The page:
In Endo’s view, we are all, like Mitsuko, Kali to an extent, wounded by original sin, and trampling Jesus with our resistance. The theme of a trampled Jesus was the key image at the conclusion of Silence.

Endo studied the French Catholic writer Georges Bernanos while he was a student in France. I have also been reading Bernanos and reviewing some of his work at this blog.  Deep River reflects this influence in the struggle between Otsu and Mitsuko. Bernanos’ stories were ones of spiritual combat, often reflected in a confrontation between a priest and a female character. This was a deliberate pairing by Bernanos; not because of misogyny, but because all souls are feminine in relation to the first and second persons of the trinity. We are part of the Church, which is the Bride to Jesus’ Bridegroom. In his novels, the male priests, in a mystical way, often endure suffering to allow the female character to respond to God’s grace.

Otsu is trampled by Mitsuko in her original sin stained Kali form through her insults, her seduction, and eventual rejection of him. The modern hatred of priests was also a theme of Bernanos’ work, best described in his Diary of a County Priest. There a variety of women slander, mock, and tempt the unassuming, gentle protagonist, a character not too different from Otsu. And despite this almost instinctive revulsion, Mitsuko keeps circling around him, and thinking about her sterile life and the promise of the Christian God.  The duel comes to a head when they encounter each other on the banks of the Ganges at the end of the novel. Otsu offers himself as a sacrifice, and in my view, it leads to a spiritual breakthrough for Mitsuko. The ending is not clear, but my interpretation is that she has been given an opportunity to respond to God’s grace.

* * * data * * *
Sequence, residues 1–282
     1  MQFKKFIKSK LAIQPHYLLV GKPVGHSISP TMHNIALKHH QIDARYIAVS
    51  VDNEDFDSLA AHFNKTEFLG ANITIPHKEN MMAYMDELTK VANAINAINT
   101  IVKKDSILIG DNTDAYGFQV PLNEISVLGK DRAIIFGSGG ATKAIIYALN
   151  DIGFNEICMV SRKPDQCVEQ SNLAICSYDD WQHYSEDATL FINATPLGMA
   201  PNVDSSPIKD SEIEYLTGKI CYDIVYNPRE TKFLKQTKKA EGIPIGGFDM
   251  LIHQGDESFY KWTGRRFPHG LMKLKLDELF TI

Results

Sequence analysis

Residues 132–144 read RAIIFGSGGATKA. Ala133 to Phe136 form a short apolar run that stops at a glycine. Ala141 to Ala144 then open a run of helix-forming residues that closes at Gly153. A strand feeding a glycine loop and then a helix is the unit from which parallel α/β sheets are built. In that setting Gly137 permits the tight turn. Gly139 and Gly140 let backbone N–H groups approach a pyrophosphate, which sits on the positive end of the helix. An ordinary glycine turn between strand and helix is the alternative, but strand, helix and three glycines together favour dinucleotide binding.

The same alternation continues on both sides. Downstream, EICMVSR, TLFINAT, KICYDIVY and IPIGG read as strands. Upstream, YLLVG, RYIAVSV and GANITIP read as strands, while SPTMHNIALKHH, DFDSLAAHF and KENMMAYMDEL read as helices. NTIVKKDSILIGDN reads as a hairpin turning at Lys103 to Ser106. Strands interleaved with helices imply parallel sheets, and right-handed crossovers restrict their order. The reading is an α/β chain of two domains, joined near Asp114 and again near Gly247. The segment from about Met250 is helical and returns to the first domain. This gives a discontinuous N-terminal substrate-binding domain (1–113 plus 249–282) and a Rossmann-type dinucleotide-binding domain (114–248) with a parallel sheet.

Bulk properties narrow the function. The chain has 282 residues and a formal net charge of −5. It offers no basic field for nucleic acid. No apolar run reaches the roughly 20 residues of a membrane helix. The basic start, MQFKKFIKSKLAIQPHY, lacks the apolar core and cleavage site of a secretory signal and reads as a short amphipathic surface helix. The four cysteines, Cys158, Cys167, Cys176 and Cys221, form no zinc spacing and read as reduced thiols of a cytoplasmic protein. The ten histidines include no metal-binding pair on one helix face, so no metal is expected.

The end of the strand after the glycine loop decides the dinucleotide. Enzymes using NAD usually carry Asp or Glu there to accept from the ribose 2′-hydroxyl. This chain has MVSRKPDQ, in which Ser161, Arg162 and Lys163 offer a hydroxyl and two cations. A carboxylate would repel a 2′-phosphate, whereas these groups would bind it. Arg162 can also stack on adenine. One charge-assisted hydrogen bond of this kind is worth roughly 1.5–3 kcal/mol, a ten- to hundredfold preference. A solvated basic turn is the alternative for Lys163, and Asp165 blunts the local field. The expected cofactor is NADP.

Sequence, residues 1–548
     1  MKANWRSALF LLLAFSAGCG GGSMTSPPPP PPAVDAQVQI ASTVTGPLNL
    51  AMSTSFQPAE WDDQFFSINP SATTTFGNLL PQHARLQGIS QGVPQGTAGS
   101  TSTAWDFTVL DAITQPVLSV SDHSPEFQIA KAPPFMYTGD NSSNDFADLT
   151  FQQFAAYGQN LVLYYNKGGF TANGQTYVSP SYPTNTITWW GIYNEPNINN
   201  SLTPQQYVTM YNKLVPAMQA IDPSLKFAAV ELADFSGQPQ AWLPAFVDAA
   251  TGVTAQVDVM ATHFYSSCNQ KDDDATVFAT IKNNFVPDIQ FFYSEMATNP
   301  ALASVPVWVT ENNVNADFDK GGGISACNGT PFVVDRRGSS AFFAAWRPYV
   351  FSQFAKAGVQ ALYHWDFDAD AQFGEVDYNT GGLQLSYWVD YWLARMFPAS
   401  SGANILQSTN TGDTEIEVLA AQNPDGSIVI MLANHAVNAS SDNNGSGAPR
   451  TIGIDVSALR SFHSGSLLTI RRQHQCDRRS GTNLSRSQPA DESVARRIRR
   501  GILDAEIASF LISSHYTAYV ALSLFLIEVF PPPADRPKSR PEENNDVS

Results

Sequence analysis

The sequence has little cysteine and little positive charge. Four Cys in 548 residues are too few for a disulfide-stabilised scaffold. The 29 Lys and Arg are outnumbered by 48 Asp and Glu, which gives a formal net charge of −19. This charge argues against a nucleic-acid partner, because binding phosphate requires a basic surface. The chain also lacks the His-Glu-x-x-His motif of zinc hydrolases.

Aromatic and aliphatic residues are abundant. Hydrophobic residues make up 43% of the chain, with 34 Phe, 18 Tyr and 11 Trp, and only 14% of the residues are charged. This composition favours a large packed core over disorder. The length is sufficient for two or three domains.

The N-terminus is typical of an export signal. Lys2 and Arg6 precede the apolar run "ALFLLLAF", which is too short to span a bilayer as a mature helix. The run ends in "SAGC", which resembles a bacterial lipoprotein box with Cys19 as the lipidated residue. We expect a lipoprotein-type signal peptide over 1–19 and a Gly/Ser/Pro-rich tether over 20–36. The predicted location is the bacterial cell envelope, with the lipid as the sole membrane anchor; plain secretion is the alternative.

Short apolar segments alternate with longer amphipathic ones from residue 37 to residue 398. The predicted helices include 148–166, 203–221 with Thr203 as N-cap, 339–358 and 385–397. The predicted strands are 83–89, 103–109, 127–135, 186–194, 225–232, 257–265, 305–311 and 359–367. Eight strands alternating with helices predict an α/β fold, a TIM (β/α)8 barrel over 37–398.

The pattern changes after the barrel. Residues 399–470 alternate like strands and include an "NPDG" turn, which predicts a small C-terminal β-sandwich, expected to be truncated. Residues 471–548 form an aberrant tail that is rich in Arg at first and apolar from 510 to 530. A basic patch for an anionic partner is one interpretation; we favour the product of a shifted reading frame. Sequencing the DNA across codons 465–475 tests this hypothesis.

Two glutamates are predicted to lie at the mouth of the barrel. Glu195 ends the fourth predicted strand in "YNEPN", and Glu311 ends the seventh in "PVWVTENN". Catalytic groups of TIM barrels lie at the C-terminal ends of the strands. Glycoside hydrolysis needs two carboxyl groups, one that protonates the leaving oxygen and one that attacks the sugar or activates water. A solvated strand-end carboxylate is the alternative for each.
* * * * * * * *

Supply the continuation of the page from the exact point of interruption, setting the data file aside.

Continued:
The positive feminine symbol that Endo offers in contrast to Kali is that of the Hindu goddess Chamunda, a mother goddess who as described by Endo symbolizing the suffering and abiding of India. Chamunda is not beautiful, and her image is worn down by pain and toil.  She is a Virgin Mary figure who shows the wounds of humanity’s suffering in her image. As Mitsuko thinks about Chamunda, she increasingly becomes drawn to the  river Ganges, which Otsu compares to the deep and all accepting love of Jesus.

In the end, I think Endo is making a plea to acknowledge the feminine, motherly side of God, which bears all suffering, and accepts everyone, regardless of their stated faith. As a member of a very small Christian minority in Japan, Endo had come to accept that God had ways of reaching people of all religions.  This feminine side of God is made present in the appearance of several nuns of the Missionaries of Charity at the end of the book, the order led by Mother Theresa. I think the reader is invited to speculate whether Mitsuko, a nurse by training, stays in India and joins the order.   I would also like to think that Endo would welcome some of the developments in Catholic devotion in recent decades, including a new focus on the mercy of God, as described by St. Faustina Kowalska (canonized in 2000), and Pope John Paul II’s emphasis on the role of the Virgin Mary in salvation.

 

 

 

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The Marriage You Save May be Your Neighbor’s